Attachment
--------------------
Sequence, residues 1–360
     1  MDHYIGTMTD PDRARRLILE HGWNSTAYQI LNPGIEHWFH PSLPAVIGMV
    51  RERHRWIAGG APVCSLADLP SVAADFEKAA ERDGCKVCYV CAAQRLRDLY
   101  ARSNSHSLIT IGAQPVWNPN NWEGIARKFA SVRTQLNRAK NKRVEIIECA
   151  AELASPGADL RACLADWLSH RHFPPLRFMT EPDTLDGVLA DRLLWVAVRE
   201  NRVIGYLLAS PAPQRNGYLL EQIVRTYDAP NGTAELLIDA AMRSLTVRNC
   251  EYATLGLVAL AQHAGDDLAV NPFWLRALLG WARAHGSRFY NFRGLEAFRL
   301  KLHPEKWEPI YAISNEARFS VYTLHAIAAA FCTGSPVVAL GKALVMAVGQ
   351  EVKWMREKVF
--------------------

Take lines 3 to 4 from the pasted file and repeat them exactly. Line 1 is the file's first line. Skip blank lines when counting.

    51  RERHRWIAGG APVCSLADLP SVAADFEKAA ERDGCKVCYV CAAQRLRDLY
   101  ARSNSHSLIT IGAQPVWNPN NWEGIARKFA SVRTQLNRAK NKRVEIIECA